Singh claims he was passed over for promotion and given second-rate laboratory equipment because of his race. He also accuses Wilmut of stealing his ideas. On the second day of an industrial tribunal in Edinburgh, lawyers for both sides argued about the admissibility of secret tape recordings made by Singh. In one meeting, Grahame Bulfield, the former director of the Institute, is alleged to have told him, "Ian Wilmut is the most famous person at the Institute, but you are its future."
The conversation was one of at least three recorded by Singh before he was dismissed from his 40,000 pounds per annum post in June 2004. In another meeting, Singh, who was born in India, claims he was told he could either "resign or be fired."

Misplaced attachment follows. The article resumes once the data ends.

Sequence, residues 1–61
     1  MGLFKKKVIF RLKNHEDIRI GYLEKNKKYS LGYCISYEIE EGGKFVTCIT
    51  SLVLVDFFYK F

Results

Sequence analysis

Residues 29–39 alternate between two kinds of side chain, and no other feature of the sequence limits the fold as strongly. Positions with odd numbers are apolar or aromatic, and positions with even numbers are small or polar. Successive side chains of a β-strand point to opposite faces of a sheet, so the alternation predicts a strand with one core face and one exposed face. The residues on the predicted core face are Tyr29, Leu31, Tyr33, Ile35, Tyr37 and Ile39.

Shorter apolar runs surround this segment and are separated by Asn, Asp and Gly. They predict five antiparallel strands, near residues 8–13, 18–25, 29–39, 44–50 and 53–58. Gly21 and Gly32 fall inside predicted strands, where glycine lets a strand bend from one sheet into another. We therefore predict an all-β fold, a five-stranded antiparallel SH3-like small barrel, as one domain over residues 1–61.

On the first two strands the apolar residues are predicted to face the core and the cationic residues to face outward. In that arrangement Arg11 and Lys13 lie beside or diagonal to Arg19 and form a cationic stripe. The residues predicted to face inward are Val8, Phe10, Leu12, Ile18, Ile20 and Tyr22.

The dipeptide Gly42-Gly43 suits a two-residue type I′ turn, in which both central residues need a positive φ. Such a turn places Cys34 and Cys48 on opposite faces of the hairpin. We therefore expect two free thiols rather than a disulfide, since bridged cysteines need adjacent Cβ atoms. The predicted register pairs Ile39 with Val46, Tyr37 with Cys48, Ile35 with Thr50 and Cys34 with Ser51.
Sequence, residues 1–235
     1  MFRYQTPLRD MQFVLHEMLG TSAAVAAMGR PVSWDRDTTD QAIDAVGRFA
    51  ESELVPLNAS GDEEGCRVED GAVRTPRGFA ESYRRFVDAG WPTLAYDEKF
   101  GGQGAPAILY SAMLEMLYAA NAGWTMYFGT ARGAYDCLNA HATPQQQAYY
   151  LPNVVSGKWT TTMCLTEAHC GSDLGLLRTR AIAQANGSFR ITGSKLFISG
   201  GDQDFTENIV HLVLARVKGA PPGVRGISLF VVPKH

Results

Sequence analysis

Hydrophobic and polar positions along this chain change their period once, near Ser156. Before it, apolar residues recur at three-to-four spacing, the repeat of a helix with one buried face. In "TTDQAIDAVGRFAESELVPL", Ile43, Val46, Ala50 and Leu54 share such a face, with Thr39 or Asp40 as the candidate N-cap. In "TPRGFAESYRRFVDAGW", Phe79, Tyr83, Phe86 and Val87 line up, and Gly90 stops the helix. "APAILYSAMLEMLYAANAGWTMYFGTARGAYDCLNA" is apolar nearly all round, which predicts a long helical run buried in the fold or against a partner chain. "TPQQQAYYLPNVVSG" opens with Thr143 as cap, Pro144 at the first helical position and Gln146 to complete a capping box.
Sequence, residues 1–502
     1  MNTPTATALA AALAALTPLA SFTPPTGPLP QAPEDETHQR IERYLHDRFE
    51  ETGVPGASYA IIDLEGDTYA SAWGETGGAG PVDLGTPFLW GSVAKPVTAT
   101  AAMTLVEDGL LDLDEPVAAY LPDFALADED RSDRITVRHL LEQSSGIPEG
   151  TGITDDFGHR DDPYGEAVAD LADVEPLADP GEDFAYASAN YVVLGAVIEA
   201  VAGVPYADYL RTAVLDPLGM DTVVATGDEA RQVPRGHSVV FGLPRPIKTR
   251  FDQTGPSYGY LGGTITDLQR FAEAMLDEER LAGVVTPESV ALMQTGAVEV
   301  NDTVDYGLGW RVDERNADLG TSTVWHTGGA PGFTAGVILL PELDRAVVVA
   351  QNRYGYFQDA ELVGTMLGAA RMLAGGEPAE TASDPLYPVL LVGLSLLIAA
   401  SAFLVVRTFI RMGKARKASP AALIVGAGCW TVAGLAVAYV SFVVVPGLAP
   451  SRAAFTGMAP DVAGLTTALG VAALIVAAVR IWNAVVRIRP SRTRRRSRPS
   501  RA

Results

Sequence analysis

Lawrence Davies, appearing for Singh, said the institute objected to the material being used because the content was "quite damaging". It showed that Bulfield told the scientist he should not take exception to Wilmut's behaviour, which could be attributed to "high levels of testosterone".